Still — while I'm glad to have discovered such gems as Ruby Johnson's scorched-lung 1966 rendition of ''I'll Run Your Hurt Away,'' how many people really want to hear every Stax single ever made? The Otis Redding Story, a three-CD compilation, and the double-disc Sam & Dave set, An Anthology of Sam & Dave: The Stax Years 1965-1968, from WEA Canada are more essential purchases. Besides, The Complete Stax/Volt Singles: 1959-1968 isn't truly the complete Stax story: We never hear the post-'68 extensions of the Memphis sound that Isaac Hayes, in particular, extrapolated on albums like 1969's ''Hot Buttered Soul'' and 1971's ''Shaft.'' The omission symbolizes the historic distortion from which soul artists in general, and Stax/Volt performers in particular, have suffered: Soul historians, including those who assembled this set, treat soul as if it just fell apart and disappeared one day, when in fact it transmuted into the rhythm-music future in which we now live, into musical styles ranging from white rock to rap, and from funk to new jack swing.

Such injustice takes nothing away from Stax's artistry, but it helps explain why so few are aware of this magnificent music. Now that the quality of singing has undeniably deteriorated, and our best balladeers are stuck with formulaic songs and subordinated to increasingly inflexible beats, Stax/Volt remains glorious for the supremacy of its singers and the astonishingly resilient rhythms that drove them. The Complete Stax/Volt is overkill. But it brings to Stax/Volt's artists some long-overdue r-e-s-p-e-c-t. B+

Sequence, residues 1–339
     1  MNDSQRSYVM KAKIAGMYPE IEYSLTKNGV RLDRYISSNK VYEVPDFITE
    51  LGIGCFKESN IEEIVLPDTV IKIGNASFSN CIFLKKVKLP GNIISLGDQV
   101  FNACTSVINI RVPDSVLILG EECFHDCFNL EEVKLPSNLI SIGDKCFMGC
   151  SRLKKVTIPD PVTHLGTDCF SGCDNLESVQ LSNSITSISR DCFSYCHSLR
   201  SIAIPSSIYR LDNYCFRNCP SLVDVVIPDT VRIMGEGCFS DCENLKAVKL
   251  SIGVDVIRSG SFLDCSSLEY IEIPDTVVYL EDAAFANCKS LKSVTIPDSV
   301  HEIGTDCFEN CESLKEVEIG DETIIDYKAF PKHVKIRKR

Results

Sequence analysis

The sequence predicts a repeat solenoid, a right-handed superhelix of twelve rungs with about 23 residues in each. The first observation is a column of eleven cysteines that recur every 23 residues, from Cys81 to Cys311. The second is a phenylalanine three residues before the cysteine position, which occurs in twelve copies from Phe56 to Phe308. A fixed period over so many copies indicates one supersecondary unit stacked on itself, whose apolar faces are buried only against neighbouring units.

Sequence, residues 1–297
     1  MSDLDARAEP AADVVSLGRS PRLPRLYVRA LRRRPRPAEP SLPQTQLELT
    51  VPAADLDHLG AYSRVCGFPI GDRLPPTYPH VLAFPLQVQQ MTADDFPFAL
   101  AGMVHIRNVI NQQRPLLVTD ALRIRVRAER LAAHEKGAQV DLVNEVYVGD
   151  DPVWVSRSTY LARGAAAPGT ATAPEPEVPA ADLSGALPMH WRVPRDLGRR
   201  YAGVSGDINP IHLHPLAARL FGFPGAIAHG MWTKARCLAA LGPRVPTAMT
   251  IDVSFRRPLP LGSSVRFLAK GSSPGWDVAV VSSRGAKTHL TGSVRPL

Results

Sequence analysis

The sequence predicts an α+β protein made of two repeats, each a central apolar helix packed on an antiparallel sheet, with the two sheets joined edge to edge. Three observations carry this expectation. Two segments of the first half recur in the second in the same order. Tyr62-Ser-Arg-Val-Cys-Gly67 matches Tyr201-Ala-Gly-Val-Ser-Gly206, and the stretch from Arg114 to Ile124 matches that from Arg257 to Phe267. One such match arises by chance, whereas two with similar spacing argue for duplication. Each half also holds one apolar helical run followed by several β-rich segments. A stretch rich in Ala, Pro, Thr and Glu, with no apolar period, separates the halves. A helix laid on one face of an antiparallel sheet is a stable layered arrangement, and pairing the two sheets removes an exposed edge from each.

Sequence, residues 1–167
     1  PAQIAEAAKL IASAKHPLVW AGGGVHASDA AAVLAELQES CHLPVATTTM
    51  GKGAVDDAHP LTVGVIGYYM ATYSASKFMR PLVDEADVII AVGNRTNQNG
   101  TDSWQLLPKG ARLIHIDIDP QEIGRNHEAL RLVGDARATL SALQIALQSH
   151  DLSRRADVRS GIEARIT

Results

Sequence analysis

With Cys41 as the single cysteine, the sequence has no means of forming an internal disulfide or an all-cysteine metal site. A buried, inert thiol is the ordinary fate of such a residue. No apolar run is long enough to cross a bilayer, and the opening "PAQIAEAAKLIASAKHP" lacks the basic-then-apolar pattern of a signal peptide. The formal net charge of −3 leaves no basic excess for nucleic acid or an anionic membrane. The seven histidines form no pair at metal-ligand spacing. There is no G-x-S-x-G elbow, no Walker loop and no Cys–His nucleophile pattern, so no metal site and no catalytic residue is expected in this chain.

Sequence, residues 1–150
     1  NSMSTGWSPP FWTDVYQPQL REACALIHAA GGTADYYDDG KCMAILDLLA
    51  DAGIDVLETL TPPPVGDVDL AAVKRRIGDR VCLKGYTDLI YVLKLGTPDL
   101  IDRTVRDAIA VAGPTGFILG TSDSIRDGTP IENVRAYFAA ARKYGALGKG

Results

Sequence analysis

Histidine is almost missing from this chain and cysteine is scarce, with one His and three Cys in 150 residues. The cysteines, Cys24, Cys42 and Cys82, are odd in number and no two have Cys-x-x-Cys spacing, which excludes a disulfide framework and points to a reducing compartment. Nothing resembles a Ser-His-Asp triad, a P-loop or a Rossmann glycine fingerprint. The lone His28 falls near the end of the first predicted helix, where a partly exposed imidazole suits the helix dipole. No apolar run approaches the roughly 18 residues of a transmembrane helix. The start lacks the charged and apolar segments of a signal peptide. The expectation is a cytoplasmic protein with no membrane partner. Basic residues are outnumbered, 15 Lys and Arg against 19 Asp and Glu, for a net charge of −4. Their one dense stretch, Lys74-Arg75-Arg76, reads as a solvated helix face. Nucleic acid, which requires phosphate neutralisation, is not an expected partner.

THE BEST HISTORY OF R&B ON DISC
Motown and Stax/Volt were not the only significant centers of soul music in the '60s, any more than Chess and Atlantic were the exclusive proprietors of great '50s R&B. In fact, one of the glories of R&B and soul was that they were so decentralized it was hard to be sure where the next great record was coming from. To this day, sorting out the great stuff is a full-time job.

One place the great stuff can be found is on Time-Life's Rhythm & Blues; this is the best and most thorough history ever compiled. Where else are you going to find a set covering 1968 that features Cliff Nobles and Co.'s joyous instrumental ''The Horse,'' or a '66-hits package with Darrell Banks' stupendous Detroit-Memphis ''Open the Door to Your Heart''? The Temptations, Aretha Franklin, Otis Redding, the Supremes, and James Brown are all here too.

The series includes six volumes so far: 1956, 1959, 1963, 1966, 1968, and a whole set devoted to Ray Charles. The sound quality is superb, and so is the annotation. Because it covers the basics so well, the series is an ideal introduction for new soul fiends. Each volume so far is A-level work.

Originally posted May 03, 1991 Published in issue #64 May 03, 1991 Order article reprints